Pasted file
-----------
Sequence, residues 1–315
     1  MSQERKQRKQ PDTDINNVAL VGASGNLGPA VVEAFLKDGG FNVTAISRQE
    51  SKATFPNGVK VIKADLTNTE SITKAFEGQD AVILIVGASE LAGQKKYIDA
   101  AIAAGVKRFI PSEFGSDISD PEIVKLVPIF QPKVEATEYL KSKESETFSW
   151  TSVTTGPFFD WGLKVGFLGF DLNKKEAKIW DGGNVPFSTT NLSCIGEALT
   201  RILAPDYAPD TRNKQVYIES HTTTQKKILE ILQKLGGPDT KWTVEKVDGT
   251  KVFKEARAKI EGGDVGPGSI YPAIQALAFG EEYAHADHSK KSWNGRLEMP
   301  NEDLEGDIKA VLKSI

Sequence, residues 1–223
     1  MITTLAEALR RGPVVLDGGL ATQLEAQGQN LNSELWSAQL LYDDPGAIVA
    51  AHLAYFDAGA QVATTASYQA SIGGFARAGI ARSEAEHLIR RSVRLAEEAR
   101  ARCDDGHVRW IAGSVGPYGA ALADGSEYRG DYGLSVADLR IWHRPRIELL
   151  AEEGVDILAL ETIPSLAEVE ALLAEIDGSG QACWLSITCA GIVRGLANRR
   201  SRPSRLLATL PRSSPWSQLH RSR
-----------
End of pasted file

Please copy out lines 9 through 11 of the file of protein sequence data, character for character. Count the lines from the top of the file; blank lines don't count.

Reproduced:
Sequence, residues 1–223
     1  MITTLAEALR RGPVVLDGGL ATQLEAQGQN LNSELWSAQL LYDDPGAIVA
    51  AHLAYFDAGA QVATTASYQA SIGGFARAGI ARSEAEHLIR RSVRLAEEAR